Statue of limitations

He is missing a right arm, four fingers and parts of his knees, but the cement police officer kneeling near the Cherry Hill police station still bears a smile. Maybe he is glad he is not the cement boy whose chest and head lie in the grass, the officer's severed arm still grasping its shoulder.

A month ago, the daughter of a retired Baltimore police officer smashed her Ford Explorer into the cement and wire mesh officer kneeling beside the boy. Cherry Hill residents are upset about what the battered statue implies.

"Their main concern is that it looks bad, ... this image of a child shattered," said Maj. Fred Bealefeld, commander of the Southern District. He urges volunteers to come forward to help fix the piece, but he said the statue isn't high on his to-do list.

"I understand people's passions on this, but I'm going to concentrate on real kids getting hurt," Bealefeld said. "It's a statue, not a child."

- Jessica Valdez

Eyes wide shut

Listening to a police radio for possible news stories about robberies, homicides and fires can be boring, at other times hectic, and even upsetting. But recently a police dispatcher proved it can also be humorous, though perhaps unintended.

A dispatcher told a police unit in the city, "A caller says to check the vacant lot there. The caller says the stash is hidden on the vacant lot, in a large clump of grass, well-hidden - next to the unmarked police car."

The dispatcher neglected to note whether or not the car was occupied.

-Holton F. Brown

Play nice, now

Like many a jock-turned-politician, Rep. C.A. Dutch Ruppersberger has always been fond of preaching the value of the team to solve problems and get things accomplished. But before Congress adjourned for the summer, he made clear, for the record, that he believes this so long as by "team" you don't mean the New York Yankees.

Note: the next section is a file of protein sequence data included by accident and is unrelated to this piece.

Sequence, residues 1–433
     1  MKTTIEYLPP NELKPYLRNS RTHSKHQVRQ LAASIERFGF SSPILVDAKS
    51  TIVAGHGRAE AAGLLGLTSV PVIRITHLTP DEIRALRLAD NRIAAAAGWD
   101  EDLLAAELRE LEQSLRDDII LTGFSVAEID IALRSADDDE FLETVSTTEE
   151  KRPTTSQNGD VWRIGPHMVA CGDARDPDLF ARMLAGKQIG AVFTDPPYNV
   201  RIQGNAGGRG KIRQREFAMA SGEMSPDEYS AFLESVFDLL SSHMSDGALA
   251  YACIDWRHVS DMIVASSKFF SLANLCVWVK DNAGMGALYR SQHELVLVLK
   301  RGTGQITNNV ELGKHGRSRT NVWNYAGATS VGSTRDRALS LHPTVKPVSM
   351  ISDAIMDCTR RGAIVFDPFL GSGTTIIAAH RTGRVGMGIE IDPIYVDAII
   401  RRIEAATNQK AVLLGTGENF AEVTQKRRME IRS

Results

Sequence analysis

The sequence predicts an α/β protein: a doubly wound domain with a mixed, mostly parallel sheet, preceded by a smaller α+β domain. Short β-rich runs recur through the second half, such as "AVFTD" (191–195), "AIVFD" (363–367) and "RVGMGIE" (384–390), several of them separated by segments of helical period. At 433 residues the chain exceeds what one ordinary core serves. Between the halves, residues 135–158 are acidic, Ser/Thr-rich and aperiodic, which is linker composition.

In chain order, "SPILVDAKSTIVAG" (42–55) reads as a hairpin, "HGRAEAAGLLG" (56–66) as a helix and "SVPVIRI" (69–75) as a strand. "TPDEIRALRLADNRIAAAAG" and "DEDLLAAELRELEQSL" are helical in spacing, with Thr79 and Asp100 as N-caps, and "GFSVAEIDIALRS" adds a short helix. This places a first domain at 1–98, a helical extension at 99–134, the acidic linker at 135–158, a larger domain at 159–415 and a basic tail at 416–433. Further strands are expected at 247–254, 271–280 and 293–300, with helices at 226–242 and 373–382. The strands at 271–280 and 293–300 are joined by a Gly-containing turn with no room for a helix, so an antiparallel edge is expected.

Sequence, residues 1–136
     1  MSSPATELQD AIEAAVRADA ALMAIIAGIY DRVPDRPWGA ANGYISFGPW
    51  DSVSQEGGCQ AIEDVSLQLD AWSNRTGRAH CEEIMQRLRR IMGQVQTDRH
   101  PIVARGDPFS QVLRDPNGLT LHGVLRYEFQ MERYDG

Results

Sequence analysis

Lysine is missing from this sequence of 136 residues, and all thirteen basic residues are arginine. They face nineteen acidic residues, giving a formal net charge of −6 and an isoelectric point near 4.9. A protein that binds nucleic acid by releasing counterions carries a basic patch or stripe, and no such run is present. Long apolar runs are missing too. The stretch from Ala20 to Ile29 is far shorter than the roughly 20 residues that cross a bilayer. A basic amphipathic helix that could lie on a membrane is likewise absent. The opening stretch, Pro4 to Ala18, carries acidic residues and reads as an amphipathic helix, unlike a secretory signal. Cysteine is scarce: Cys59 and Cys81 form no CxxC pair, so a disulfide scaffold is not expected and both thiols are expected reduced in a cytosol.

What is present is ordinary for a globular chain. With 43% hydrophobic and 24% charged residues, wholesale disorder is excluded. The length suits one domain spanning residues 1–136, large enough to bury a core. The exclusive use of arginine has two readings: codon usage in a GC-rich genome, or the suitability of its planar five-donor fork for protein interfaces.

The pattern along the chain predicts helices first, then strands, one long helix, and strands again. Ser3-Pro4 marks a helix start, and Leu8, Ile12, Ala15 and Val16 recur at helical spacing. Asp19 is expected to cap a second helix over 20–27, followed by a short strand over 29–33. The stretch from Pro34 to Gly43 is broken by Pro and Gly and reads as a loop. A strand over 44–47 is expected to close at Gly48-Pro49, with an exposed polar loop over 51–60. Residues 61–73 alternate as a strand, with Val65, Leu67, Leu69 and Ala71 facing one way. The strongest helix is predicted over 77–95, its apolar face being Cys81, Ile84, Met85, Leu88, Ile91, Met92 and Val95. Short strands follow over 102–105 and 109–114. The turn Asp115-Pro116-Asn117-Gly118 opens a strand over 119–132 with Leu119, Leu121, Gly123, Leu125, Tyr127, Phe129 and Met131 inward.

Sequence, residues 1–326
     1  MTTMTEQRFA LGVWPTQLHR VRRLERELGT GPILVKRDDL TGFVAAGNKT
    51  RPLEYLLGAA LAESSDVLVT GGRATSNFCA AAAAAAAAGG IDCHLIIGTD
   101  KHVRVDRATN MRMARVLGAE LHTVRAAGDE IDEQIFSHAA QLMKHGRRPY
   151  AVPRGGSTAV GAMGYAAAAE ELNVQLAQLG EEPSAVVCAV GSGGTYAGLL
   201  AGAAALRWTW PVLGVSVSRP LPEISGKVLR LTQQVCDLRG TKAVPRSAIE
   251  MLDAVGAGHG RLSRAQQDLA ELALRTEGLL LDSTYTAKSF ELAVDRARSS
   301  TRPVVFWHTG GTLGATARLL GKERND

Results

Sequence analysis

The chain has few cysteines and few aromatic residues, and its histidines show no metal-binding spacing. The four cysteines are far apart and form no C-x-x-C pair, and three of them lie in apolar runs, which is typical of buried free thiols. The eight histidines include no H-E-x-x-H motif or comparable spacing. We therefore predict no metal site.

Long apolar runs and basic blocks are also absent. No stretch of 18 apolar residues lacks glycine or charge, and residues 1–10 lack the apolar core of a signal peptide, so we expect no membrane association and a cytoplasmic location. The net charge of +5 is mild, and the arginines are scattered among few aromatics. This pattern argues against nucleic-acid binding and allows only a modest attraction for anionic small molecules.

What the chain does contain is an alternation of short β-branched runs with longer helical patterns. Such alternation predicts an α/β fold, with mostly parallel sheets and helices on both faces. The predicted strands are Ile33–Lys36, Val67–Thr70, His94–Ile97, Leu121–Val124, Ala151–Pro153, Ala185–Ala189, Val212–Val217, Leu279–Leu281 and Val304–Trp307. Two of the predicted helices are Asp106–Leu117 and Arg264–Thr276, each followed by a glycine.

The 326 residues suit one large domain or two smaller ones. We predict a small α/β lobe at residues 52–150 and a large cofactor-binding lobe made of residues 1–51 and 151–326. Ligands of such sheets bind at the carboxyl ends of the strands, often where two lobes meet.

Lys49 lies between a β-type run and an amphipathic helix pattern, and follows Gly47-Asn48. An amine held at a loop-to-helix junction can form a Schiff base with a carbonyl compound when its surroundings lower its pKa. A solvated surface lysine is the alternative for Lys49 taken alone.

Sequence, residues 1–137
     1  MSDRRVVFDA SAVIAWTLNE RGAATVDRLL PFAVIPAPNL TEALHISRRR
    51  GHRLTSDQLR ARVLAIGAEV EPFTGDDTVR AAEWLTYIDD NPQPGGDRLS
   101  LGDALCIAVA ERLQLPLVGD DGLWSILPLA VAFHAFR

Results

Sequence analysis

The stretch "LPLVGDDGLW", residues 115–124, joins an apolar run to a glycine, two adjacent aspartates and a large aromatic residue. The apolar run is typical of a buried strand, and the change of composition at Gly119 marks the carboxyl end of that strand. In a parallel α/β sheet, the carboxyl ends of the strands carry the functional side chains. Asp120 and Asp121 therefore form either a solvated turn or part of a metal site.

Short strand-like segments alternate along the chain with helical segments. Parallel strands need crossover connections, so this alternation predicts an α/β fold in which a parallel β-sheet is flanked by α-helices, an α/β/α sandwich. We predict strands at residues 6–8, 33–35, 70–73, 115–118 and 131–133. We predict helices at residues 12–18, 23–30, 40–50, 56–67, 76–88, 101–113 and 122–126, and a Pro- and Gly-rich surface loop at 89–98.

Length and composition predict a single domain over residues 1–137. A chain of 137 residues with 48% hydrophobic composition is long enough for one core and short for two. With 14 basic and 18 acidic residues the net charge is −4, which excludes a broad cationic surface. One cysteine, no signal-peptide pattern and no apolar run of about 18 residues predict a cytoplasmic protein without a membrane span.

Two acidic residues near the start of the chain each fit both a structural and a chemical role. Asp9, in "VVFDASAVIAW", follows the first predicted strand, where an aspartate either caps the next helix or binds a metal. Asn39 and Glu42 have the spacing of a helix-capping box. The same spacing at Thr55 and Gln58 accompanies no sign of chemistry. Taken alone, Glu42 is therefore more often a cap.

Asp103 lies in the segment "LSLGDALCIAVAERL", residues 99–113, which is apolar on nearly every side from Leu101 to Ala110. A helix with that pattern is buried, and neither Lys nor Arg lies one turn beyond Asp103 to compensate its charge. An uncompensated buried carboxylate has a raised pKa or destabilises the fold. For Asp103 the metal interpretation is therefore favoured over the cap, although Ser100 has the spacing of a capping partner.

Rep. Jose E. Serrano, one of Ruppersberger's colleagues from the Big Apple, tried to introduce a resolution last month honoring the Yankees on the team's 100th anniversary. But when Serrano wasn't looking, Ruppersberger, a lifelong Orioles fan, and Rep. John F. Tierney of Massachusetts, a Red Sox devotee, introduced amendments honoring their favorite teams instead.

"Why we should honor the Baltimore Orioles and not the New York Yankees is simple," Ruppersberger's amendment read. "The Orioles represent the best of what the game of baseball and our country are about."

The amendments died when too few representatives showed up for the markup hearing, but Ruppersberger promises to try again when Congress reconvenes next month.

-Andrew A. Green

How about 'Free Bird'?

Don't be fooled by the bared biceps or the form-fitting black T-shirt. Even when Mayor Martin O'Malley sheds the suit and turns folkish rocker, it seems he is still a politician at heart. Witness his performance a week ago at Artscape.

After a set with his Celtic band, O'Malley's March, hizzoner joined the harmonica rockers of Blues Traveler for a cover of the Steve Miller Band's "The Joker."

O'Malley belted out some of the song's most memorable lines: "You're the cutest thing that I ever did see/ I really love your peaches, wanna shake your tree."

But perhaps mindful that the mayor of Baltimore ought not croon before thousands about smoking cigarettes and marijuana, he pointed the microphone toward the crowd when he got to these lines: "I'm a joker, I'm a smoker, I'm a midnight toker."

-Scott Calvert

Don't sugarcoat it

One recent afternoon at the Krispy Kreme shop in Timonium, the warm, sweet scents of the Original Glazed, Dulce De Leche, and - who could forget? - Chocolate Iced with Sprinkles doughnuts filled the summer air.

A cashier seemed to be in a particularly expansive mood, prompting a visitor to ask about the perks of working amid so much high-caloric temptation. It must be hard to stay away from the merchandise, the visitor said.

"Tell me about it," the cashier said. "I have 40 percent blockage."

- Jonathan D. Rockoff

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